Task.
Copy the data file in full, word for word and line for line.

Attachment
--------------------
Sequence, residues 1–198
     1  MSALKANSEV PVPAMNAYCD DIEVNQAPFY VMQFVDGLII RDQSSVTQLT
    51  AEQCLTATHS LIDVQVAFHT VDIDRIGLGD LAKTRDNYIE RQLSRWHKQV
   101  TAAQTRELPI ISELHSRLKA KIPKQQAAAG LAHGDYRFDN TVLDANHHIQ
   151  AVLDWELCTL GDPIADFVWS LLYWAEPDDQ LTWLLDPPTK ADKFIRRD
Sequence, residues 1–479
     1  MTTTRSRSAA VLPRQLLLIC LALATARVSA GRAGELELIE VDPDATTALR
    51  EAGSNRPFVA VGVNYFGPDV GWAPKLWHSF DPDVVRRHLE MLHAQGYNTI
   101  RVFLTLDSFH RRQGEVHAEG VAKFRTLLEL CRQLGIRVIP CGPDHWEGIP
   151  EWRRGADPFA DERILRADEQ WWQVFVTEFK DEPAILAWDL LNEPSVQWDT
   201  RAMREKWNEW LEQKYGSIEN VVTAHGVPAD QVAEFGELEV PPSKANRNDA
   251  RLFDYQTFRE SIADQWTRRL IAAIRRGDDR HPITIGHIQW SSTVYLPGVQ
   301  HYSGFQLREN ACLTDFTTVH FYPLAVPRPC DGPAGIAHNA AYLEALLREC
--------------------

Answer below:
Sequence, residues 1–198
     1  MSALKANSEV PVPAMNAYCD DIEVNQAPFY VMQFVDGLII RDQSSVTQLT
    51  AEQCLTATHS LIDVQVAFHT VDIDRIGLGD LAKTRDNYIE RQLSRWHKQV
   101  TAAQTRELPI ISELHSRLKA KIPKQQAAAG LAHGDYRFDN TVLDANHHIQ
   151  AVLDWELCTL GDPIADFVWS LLYWAEPDDQ LTWLLDPPTK ADKFIRRD
Sequence, residues 1–479
     1  MTTTRSRSAA VLPRQLLLIC LALATARVSA GRAGELELIE VDPDATTALR
    51  EAGSNRPFVA VGVNYFGPDV GWAPKLWHSF DPDVVRRHLE MLHAQGYNTI
   101  RVFLTLDSFH RRQGEVHAEG VAKFRTLLEL CRQLGIRVIP CGPDHWEGIP
   151  EWRRGADPFA DERILRADEQ WWQVFVTEFK DEPAILAWDL LNEPSVQWDT
   201  RAMREKWNEW LEQKYGSIEN VVTAHGVPAD QVAEFGELEV PPSKANRNDA
   251  RLFDYQTFRE SIADQWTRRL IAAIRRGDDR HPITIGHIQW SSTVYLPGVQ
   301  HYSGFQLREN ACLTDFTTVH FYPLAVPRPC DGPAGIAHNA AYLEALLREC